subtraction

Subtraction is just one of those beautiful words. Beautiful, all that taking away. Because to take away is to leave something rare and visible behind; it’s addition someplace else.

When I make up a song, I subtract:

subtraction

Sound. A pause can be as beautiful as the note. It can make you want the note more.

Words. I look for what not to say, not what to say. I sing, “nothing remains of love” and you, the listener, fill in the missing pieces. I invoke your imagination to reveal the fullness of how little is left. Forced rhymes, familiar metaphors, clichés: I subtract them, too, because they get in the way of making art that’s new and genuine.

Last, I empty myself from the song. I erase the flesh of me and the ghosts of experiences that inhabit me. My life is just the scaffolding for the song, something I tear down as I work through it. Small details from my life are borrowed to make something that isn’t literally true, but something new and truer. If it’s art, the song eclipses the source material.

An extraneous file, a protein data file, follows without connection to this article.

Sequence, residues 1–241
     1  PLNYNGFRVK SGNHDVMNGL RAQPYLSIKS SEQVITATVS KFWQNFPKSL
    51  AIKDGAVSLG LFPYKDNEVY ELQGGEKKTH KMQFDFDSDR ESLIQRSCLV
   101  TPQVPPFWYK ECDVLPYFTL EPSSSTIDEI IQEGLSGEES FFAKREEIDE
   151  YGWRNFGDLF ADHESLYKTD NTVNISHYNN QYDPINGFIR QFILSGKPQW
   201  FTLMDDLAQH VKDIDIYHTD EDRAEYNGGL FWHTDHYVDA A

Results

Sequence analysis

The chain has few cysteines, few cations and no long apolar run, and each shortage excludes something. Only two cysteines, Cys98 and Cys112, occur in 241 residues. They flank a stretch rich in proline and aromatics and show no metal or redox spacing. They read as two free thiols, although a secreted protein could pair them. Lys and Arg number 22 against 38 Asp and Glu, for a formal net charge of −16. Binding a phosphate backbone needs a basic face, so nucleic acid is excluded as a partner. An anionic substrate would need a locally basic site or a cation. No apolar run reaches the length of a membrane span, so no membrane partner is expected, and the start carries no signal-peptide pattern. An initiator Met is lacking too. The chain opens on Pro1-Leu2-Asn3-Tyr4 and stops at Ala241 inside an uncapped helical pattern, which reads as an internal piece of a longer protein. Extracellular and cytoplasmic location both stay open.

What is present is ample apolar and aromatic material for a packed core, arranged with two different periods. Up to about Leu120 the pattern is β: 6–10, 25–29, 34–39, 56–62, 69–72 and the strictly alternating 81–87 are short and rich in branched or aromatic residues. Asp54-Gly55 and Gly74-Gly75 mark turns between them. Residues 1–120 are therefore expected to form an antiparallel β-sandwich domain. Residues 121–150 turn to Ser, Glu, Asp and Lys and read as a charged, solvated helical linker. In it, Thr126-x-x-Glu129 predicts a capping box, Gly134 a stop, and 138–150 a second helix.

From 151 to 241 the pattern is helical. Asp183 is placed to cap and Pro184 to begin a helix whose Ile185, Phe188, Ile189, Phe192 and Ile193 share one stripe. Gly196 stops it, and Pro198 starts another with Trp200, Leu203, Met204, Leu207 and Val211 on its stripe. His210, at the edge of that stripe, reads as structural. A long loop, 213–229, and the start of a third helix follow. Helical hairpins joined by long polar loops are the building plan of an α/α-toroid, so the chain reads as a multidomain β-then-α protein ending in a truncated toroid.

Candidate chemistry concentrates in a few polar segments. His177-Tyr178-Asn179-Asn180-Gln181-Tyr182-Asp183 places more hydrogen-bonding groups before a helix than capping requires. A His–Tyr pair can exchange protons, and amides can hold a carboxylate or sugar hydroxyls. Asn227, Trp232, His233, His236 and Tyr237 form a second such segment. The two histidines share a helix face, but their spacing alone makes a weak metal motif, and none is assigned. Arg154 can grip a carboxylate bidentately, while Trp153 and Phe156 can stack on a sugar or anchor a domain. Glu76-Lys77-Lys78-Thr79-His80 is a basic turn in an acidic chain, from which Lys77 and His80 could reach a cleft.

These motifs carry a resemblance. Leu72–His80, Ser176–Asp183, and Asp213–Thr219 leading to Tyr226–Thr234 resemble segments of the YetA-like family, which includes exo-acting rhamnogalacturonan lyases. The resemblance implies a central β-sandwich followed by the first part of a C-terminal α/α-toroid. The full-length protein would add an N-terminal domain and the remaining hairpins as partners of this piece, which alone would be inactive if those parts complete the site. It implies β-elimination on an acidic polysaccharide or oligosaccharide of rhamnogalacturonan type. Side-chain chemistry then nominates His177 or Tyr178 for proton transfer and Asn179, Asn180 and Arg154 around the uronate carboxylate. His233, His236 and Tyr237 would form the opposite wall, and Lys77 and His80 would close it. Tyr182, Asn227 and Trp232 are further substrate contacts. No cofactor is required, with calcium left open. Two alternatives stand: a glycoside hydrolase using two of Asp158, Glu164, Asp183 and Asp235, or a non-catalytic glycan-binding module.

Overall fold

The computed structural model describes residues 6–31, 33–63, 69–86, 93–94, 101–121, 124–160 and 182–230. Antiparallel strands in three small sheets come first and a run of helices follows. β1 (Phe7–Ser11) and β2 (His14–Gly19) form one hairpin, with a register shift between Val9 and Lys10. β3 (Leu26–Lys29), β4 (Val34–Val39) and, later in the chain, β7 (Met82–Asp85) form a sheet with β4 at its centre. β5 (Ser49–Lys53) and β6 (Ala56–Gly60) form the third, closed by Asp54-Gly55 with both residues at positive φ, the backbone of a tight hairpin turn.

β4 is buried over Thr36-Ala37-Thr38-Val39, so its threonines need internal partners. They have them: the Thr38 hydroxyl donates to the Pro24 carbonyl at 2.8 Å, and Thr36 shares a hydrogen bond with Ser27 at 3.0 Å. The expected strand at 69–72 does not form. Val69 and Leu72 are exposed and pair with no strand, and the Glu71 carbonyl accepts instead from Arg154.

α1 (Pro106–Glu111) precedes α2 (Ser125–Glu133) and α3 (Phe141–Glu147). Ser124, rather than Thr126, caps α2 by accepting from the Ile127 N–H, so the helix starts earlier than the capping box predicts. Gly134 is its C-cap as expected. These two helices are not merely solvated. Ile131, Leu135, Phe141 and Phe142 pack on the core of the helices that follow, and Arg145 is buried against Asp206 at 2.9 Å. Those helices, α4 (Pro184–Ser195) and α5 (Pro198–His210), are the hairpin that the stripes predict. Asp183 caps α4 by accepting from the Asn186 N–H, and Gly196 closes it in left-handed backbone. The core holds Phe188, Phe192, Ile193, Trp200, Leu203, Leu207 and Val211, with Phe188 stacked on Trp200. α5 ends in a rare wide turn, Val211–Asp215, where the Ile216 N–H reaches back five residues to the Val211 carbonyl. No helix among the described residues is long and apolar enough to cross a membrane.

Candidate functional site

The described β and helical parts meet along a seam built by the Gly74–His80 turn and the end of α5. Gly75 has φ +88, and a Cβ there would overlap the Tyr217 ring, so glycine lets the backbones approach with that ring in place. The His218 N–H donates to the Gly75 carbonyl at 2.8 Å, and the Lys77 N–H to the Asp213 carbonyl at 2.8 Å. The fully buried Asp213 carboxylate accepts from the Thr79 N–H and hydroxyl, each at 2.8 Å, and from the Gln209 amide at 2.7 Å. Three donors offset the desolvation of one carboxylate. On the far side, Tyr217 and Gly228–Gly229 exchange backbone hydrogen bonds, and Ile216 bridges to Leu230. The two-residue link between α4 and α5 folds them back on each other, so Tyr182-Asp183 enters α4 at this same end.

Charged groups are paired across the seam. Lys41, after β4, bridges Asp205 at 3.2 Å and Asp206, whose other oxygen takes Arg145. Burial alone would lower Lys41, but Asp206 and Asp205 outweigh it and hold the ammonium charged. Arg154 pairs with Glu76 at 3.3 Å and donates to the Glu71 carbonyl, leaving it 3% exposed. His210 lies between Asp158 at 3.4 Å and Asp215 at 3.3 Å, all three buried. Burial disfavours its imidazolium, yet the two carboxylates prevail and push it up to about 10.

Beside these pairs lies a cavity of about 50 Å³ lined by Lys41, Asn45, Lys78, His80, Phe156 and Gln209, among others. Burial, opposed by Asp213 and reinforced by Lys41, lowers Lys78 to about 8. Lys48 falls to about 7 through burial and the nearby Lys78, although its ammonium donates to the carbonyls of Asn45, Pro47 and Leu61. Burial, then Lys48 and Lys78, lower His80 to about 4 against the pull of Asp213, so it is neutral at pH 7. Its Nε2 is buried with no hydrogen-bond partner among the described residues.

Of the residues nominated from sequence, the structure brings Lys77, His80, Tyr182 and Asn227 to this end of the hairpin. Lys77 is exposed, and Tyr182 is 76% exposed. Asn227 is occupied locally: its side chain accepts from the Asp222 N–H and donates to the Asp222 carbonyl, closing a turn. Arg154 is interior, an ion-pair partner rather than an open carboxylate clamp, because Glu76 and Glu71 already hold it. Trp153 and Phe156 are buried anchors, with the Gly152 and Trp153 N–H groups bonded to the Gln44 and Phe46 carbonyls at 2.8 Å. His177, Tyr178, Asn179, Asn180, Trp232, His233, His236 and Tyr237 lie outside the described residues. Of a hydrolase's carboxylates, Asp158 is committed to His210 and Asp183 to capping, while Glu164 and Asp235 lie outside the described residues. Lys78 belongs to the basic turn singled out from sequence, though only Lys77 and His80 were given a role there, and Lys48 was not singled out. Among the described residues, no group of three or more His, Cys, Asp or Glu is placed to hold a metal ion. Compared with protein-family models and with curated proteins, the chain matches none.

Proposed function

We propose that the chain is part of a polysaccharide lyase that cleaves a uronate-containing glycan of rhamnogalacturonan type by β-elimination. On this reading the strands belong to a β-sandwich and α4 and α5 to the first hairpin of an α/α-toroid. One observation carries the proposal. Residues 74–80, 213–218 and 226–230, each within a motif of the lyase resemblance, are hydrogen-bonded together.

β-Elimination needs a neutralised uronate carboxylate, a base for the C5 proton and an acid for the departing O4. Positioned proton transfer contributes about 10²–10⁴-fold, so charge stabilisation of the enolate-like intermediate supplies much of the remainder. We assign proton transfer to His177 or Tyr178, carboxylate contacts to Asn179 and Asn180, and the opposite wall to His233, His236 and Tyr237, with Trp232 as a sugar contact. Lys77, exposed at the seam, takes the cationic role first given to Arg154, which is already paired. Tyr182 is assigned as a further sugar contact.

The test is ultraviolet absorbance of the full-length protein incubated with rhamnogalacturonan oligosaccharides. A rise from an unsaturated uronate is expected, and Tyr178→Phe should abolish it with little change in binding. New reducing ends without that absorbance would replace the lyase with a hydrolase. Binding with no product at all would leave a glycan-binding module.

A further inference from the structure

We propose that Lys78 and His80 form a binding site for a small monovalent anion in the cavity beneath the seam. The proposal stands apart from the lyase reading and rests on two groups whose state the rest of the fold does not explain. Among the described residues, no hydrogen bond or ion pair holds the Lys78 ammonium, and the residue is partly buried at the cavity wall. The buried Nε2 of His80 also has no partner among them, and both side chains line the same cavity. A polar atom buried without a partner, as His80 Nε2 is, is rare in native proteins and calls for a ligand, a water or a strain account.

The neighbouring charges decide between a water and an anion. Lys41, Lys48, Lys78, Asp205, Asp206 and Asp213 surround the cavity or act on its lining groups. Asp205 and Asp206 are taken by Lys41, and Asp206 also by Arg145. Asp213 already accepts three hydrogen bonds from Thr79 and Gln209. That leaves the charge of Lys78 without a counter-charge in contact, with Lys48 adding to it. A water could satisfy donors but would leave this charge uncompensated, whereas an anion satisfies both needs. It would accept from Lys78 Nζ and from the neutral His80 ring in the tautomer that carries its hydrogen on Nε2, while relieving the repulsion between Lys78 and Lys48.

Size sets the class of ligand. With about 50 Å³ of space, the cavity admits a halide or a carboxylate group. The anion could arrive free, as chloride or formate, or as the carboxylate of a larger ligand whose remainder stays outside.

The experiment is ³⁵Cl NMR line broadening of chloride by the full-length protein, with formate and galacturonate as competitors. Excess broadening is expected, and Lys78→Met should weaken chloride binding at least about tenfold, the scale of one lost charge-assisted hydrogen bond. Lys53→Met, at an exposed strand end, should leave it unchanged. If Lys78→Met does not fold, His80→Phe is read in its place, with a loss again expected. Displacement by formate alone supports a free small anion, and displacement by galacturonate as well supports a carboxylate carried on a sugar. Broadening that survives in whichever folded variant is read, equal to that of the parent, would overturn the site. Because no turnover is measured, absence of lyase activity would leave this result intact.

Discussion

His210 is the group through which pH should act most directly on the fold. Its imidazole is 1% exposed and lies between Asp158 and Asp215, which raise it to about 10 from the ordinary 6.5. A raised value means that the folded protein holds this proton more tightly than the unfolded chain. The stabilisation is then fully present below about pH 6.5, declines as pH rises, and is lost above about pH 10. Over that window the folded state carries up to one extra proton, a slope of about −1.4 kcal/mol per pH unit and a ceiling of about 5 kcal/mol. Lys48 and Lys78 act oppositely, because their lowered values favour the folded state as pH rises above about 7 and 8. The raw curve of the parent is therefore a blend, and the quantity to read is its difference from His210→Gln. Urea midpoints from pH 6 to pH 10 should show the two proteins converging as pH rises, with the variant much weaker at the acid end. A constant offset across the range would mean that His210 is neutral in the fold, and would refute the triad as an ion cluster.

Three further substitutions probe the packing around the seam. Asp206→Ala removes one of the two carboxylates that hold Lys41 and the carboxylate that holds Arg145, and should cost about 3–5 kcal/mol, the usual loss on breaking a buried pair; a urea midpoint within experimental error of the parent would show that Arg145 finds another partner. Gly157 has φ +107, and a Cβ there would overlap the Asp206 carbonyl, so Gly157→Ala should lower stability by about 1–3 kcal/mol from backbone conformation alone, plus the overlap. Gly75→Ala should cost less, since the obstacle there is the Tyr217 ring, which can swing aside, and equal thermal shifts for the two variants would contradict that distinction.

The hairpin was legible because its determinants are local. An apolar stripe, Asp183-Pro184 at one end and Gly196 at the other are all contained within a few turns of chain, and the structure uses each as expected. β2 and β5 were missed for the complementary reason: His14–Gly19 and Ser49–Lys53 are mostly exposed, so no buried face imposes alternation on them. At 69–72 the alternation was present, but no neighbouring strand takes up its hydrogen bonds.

This afternoon I begin work on a new song. By night, what will be left of me?

opening sounds

What something sounds like can’t change what it is:

The sound of a drawer opening …

The north wind on the telephone lines …

A motorbike along the lane …

Lilacs crashing through old barn walls …

The key turning in the door to an empty house …

Footsteps retreating.

Yet sound opens sound. It taps the spot that’s inside me with a lyric or melody, and the door to music opens:

The sound of clothes being emptied from the drawer by a departing lover …

The sound of the dangling farewell …

A biker who falls and in his fall hears his bones cry out …

The young sound in an old heart …

The hollow echo of the voice inside the door …

And me, walking beside you … humming like the air.